"What comes up, must come down!" the beast philosophized. "The view isn't any better up here than it was down there! Much worse, much worse!" He climbed further up the tree and sneered at Sarah. "Ring around the rosy, pocket full of posies!"

            Sarah managed to get up to the first branch after some difficult climbing. She reached her hand up toward the animal, but was a few feet short.

            "Ashes!" he chanted happily.

            She went up another branch. With each step she took, the branches became thinner.


            One more step and she would be able to reach the bag....

            "And we all fall down!"

            The branch snapped beneath her and she began to fall. She flung her arms about wildly in a vain attempt to grab a branch. Twigs and bark scratched at her light skin as she made the murderous descent toward the ground.

            A white unicorn came hurtling at amazing speed from the forest and arrived in just enough time to run under the tree and catch Sarah on its back.

            Leah rushed back to the trail upon hearing Sarah's screams and was amazed to see a white unicorn with her counterpart on its back. She hid herself behind a tree and scowled fiercely.

            "That looks just like the unicorn figurine Sarah gave to Toby," she whispered heatedly to herself before going back the way she came and leaving Sarah alone to deal with the situation.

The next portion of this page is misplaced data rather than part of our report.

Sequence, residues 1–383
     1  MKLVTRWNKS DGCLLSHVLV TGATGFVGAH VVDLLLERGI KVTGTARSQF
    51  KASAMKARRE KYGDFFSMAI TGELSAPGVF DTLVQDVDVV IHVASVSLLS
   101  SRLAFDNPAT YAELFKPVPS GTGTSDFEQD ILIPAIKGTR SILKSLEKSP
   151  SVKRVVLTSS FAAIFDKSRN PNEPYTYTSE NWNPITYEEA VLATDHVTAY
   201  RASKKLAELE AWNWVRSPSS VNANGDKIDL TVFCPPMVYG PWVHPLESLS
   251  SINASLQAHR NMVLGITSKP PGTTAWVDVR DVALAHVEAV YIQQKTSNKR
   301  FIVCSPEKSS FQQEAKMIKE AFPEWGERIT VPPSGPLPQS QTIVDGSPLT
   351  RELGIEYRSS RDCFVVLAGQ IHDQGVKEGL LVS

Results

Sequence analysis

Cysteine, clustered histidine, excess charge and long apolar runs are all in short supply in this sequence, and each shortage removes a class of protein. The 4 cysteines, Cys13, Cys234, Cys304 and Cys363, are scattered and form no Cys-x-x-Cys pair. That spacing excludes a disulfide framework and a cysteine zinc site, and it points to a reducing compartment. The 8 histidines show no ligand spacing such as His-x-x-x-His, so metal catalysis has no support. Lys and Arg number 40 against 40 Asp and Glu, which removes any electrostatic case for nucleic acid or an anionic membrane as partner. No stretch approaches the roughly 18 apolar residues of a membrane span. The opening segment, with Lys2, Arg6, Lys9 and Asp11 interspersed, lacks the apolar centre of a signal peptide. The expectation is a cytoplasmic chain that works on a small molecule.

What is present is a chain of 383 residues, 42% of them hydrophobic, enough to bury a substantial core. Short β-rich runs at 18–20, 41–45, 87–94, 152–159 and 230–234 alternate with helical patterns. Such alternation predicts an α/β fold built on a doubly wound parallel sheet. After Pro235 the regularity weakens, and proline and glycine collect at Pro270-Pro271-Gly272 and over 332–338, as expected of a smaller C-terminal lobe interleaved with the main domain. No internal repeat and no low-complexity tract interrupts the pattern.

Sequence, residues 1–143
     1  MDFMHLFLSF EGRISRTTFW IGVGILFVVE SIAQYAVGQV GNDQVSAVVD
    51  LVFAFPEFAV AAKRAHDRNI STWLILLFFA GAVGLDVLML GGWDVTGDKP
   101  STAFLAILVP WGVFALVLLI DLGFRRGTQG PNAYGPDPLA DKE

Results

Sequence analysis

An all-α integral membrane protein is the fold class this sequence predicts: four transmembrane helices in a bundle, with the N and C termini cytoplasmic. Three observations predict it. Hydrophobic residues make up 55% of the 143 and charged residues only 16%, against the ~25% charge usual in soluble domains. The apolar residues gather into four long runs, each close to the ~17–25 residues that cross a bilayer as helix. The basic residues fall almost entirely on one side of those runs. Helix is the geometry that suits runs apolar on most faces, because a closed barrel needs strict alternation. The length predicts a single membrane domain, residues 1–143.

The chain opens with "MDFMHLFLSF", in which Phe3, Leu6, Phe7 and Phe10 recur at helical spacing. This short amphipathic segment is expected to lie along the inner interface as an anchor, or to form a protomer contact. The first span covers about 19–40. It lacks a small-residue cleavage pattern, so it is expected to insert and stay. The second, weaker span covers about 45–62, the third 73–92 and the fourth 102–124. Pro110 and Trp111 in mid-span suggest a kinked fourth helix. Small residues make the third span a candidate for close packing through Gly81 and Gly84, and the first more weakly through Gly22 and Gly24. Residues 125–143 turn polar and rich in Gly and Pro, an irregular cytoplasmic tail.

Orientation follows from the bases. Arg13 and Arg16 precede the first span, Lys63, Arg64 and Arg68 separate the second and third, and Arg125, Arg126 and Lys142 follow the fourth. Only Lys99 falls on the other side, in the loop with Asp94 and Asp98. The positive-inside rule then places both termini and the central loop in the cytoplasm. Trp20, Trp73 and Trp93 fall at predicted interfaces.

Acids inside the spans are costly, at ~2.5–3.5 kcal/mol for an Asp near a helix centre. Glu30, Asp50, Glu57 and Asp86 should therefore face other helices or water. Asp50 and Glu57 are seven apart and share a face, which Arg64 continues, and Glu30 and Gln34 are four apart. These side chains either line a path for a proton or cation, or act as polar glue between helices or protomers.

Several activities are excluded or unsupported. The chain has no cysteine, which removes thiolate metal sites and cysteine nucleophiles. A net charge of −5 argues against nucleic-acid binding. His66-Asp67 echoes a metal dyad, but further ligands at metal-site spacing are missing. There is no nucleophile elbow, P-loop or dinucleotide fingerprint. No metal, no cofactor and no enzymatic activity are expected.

Sarah climbed off of the back of the unicorn and gained her composure before she faced her savior. The creature in the trees called out one last confusing remark, dropped the knapsack to the ground, and swung his way out of Sarah's life.

            She faced the unicorn with wide-eyed amazement. "You're so beautiful," she mumbled, reaching her hand out nervously to touch its golden mane. It neighed loudly and Sarah withdrew her hand. As if to console her, it trotted before her and prodded her hand with its muzzle. She extended her arm and brushed her hand over its mane. "You saved my life," she whispered to it with quiet astonishment as it gazed back at her with serene, deep-blue eyes. Sarah buried her face in its golden hair. "Thank you, thank you," she cried reverently and lovingly. "I owe you my life."

            The blue, slanting eyes sparkled with disguised pleasure.


Sage had returned to his chambers at the appropriate time. Another fight had been scheduled to break out at seven o'clock exactly, in order for the elf to be able to come back unnoticed. In the crystal room he had gathered the needed items and waited for the clock to strike seven, passing by the time by perusing some of the books that were stored in Jareth's bookshelves.